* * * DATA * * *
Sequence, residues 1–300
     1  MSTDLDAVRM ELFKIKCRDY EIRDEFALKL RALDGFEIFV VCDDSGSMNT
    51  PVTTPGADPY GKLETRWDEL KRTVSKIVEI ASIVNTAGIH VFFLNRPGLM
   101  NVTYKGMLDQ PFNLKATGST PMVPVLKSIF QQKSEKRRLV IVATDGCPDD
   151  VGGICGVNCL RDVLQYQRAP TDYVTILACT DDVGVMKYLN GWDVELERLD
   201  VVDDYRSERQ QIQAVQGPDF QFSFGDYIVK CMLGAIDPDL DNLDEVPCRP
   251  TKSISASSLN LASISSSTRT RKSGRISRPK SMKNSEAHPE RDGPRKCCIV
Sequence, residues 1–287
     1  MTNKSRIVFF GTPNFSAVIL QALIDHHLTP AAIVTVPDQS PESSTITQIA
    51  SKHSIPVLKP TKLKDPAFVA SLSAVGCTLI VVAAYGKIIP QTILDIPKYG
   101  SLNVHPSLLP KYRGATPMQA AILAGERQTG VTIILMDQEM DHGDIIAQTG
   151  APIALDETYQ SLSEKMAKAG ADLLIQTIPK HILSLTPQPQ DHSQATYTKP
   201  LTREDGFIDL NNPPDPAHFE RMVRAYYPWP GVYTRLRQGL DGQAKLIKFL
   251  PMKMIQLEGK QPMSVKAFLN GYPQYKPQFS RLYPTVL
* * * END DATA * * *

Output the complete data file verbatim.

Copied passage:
Sequence, residues 1–300
     1  MSTDLDAVRM ELFKIKCRDY EIRDEFALKL RALDGFEIFV VCDDSGSMNT
    51  PVTTPGADPY GKLETRWDEL KRTVSKIVEI ASIVNTAGIH VFFLNRPGLM
   101  NVTYKGMLDQ PFNLKATGST PMVPVLKSIF QQKSEKRRLV IVATDGCPDD
   151  VGGICGVNCL RDVLQYQRAP TDYVTILACT DDVGVMKYLN GWDVELERLD
   201  VVDDYRSERQ QIQAVQGPDF QFSFGDYIVK CMLGAIDPDL DNLDEVPCRP
   251  TKSISASSLN LASISSSTRT RKSGRISRPK SMKNSEAHPE RDGPRKCCIV
Sequence, residues 1–287
     1  MTNKSRIVFF GTPNFSAVIL QALIDHHLTP AAIVTVPDQS PESSTITQIA
    51  SKHSIPVLKP TKLKDPAFVA SLSAVGCTLI VVAAYGKIIP QTILDIPKYG
   101  SLNVHPSLLP KYRGATPMQA AILAGERQTG VTIILMDQEM DHGDIIAQTG
   151  APIALDETYQ SLSEKMAKAG ADLLIQTIPK HILSLTPQPQ DHSQATYTKP
   201  LTREDGFIDL NNPPDPAHFE RMVRAYYPWP GVYTRLRQGL DGQAKLIKFL
   251  PMKMIQLEGK QPMSVKAFLN GYPQYKPQFS RLYPTVL